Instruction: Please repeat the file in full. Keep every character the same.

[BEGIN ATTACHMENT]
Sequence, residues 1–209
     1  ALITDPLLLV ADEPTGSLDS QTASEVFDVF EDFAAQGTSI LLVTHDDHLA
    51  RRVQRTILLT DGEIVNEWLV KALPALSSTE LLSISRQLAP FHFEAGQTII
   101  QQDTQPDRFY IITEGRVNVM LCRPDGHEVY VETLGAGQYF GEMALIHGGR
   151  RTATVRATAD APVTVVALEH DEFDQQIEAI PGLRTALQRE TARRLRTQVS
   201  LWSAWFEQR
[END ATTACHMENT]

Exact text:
Sequence, residues 1–209
     1  ALITDPLLLV ADEPTGSLDS QTASEVFDVF EDFAAQGTSI LLVTHDDHLA
    51  RRVQRTILLT DGEIVNEWLV KALPALSSTE LLSISRQLAP FHFEAGQTII
   101  QQDTQPDRFY IITEGRVNVM LCRPDGHEVY VETLGAGQYF GEMALIHGGR
   151  RTATVRATAD APVTVVALEH DEFDQQIEAI PGLRTALQRE TARRLRTQVS
   201  LWSAWFEQR